Granted, Red October has a very specific type of target, and your business is probably not at an immediate risk. Although, any hacktivist group that targets your country could easily launch a potentially devastating cyber-attack your business. Computer viruses don’t discriminate. This kind of threat can cause disaster for a company’s reputation, especially when client data is involved. It is vital that a business keeps its antivirus up to date, as well as stays on top of Windows updates and other security patches for software.

Michell Consulting Group can be your best defense against cyber-attacks. We can scan your network to look for infections and provide a UTM firewall solution that will make your system bulletproof from virtually any virtual attack. With our remote monitoring and maintenance service, we will even keep your antivirus software updated and continuously monitor your network for threats. Call Michell Consulting Group at 305-592-5433 to arm your business with the strongest network protections available on planet Earth.

Anatomy of a Hacker

If you have ever been the victim of a computer virus or cyber attack you know how bad it can hurt. You know the pain of having your data compromised or even your business operation completely shut down. You feel violated, and to add insult to injury, you have no idea who did this dirty deed.

Cyber criminals are always anonymous and clearly the bad guys, which would make us at Michell Consulting Group the sheriff in town, we are here to serve and protect you. Today, we want to pull back the curtain of anonymity, tack up a big wanted poster, and show you their ugly mugs.

These perpetrators have no regard for the law, or may even rationalize how the law does not apply to them. They obviously have technical knowledge and enjoy using their skills to manipulate and outsmart others. Some cyber criminals do it simply for the thrills and enjoy the risk and chaos they create, while others have more specific intentions like monetary gain. Additional cyber criminal motivations include: emotional reasons like revenge, political and religious loyalties, and even reasons that are sexual in nature.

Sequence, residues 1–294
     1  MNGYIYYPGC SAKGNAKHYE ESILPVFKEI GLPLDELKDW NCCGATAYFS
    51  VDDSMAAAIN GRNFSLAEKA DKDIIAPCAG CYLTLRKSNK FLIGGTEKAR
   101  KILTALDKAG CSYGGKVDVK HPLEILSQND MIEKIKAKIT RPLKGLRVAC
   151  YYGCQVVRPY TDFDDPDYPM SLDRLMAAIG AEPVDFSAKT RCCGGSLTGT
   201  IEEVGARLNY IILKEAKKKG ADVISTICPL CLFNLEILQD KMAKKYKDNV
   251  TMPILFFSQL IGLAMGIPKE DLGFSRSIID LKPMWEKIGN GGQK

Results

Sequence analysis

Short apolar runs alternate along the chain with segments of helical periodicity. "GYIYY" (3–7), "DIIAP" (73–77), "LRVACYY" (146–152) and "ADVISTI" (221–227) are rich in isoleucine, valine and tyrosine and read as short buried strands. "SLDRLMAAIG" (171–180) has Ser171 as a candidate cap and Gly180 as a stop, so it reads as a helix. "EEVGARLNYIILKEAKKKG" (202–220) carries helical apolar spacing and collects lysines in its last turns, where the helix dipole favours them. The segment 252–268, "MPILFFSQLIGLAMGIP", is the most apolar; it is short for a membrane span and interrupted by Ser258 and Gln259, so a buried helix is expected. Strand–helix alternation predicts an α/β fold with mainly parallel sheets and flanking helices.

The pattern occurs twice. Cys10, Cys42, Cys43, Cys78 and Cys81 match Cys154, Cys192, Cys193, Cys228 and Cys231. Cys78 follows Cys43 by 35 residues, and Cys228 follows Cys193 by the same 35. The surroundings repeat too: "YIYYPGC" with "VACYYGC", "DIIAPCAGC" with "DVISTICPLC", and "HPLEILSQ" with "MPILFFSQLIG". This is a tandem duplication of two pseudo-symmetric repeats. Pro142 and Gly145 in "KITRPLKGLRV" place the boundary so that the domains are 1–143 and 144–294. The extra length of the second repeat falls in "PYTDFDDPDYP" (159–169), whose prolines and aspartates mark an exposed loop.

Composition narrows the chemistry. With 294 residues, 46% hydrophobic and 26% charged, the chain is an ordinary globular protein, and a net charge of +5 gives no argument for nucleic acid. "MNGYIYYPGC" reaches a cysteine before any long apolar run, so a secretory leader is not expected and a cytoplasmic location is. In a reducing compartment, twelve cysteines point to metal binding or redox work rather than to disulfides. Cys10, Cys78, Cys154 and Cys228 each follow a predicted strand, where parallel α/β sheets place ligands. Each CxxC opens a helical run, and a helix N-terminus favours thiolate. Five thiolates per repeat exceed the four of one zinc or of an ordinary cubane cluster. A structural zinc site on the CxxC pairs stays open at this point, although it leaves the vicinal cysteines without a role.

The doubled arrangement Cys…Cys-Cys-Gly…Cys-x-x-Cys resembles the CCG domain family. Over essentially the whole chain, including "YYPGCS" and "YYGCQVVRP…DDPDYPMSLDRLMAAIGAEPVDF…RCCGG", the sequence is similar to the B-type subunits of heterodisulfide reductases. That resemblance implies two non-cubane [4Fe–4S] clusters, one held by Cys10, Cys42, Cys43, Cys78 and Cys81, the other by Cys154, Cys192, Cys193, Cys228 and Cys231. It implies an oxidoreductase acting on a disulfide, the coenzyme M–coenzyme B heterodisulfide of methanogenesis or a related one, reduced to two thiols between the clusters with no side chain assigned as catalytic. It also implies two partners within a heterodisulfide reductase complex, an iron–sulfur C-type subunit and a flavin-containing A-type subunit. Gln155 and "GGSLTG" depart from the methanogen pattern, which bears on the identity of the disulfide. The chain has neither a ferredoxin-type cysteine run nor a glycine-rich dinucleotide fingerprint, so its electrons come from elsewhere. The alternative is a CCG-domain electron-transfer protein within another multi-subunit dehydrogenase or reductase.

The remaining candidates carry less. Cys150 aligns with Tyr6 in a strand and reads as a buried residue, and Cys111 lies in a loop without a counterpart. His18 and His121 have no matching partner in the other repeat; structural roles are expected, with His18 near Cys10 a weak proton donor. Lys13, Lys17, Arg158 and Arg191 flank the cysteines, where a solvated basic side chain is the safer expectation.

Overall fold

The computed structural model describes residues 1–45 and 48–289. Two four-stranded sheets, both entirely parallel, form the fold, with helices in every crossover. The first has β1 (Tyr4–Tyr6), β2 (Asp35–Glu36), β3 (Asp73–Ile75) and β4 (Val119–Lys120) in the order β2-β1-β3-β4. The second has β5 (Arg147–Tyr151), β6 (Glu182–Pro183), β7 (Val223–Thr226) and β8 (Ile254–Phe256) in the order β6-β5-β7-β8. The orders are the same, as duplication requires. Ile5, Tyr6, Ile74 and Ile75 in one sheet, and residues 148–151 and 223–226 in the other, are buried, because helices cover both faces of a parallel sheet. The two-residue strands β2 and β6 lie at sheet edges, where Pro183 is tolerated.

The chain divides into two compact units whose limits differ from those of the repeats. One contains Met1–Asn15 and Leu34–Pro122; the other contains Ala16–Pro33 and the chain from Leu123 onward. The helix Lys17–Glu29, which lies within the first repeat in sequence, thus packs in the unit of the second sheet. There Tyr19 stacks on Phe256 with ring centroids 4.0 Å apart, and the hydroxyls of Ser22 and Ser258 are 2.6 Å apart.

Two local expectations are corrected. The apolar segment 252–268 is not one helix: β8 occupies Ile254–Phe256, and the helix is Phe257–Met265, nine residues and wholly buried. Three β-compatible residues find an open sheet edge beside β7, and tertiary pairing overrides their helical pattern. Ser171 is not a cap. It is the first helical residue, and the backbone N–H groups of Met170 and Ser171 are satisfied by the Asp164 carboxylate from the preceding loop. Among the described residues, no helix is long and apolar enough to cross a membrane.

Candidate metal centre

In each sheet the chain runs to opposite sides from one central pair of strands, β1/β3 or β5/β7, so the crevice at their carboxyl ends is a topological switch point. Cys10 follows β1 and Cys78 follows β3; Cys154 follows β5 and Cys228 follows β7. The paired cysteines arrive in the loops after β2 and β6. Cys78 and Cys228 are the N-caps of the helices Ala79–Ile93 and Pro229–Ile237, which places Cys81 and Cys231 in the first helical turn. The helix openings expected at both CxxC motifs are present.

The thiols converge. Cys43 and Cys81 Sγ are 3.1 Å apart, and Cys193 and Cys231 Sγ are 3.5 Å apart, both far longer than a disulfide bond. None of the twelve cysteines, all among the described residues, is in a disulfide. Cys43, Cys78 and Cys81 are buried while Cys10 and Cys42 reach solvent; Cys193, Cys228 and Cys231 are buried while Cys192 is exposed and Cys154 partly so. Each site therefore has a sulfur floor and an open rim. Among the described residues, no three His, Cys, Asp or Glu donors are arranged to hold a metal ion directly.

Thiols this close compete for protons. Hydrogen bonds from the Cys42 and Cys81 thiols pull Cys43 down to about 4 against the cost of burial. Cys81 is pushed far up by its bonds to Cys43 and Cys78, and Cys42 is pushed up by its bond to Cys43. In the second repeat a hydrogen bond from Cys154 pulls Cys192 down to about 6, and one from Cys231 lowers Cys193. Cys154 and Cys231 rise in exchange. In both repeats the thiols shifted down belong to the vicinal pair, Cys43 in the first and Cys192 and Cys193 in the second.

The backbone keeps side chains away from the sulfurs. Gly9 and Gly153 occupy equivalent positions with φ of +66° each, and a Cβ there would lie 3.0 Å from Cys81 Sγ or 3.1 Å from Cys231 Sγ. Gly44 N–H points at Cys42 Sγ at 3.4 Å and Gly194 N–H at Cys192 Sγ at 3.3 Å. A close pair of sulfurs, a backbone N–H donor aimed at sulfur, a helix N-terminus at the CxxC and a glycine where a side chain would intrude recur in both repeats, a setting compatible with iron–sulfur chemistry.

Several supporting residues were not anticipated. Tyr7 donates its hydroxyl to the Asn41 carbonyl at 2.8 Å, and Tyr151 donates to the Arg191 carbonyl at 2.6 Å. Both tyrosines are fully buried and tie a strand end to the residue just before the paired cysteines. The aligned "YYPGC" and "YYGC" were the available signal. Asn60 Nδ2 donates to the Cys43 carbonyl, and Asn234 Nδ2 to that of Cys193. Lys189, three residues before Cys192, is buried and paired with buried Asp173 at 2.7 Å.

We might picture cyber criminals huddled in groups, working in a dark warehouse, but a majority of the crimes would be classified as “petty” and are carried out by normal individuals acting alone. Part of the problem of cyber crimes is found in the variety of criminals it draws. Within the hacker community a class system exists based on an individual’s technical expertise and the potential damage one can cause.

  • Toolkit Newbies. Technical novices who generally download illegally from the internet.
  • Cyber Punks. Capable of writing programs able to deface websites. Spamming and phishing for identify theft also falls within their skill set. They are usually boastful of their hacking success.
  • Coders. Write code solely for the purpose of damaging other systems. Their motives are ulterior and spyware and Trojans are primarily used.
  • Old-guard hackers. Hacking is a sport for the old guard, they treat it as a mental exercise. They are highly skilled and do not cross the criminal line.
  • Hacktivist. This group is the fastest growing and they can cause big damage. They are politically or socially motivated and receive funding from other groups who share their agenda.

Due to the complexity of computer networks, cyber criminals are particularly hard to catch, the crimetrail usually ends at a computer. In fact, only five percent of cyber criminals are actually caught and prosecuted. This leaves them with a 95% chance of getting away with it, which only goes to embolden their actions.

Simply because a cyber criminal is hard to catch, does not mean it has to be easy for them to succeed. You can protect yourself by keeping your antivirus software up-to-date and training everyone who uses your network to know what to look for with email phishing scams and scareware popups. Having a sheriff on your side to watch your back is the best defense against attacks from these cyber creeps, at Michell Consulting Group we want to be your sherriff. We can manage your antivirus software, identify weaknesses in your firewall, as well as provide you with other defensive techniques. Give us a call at 305-592-5433 and let us serve and protect you.

Know These 4 Intruders that Threaten your Business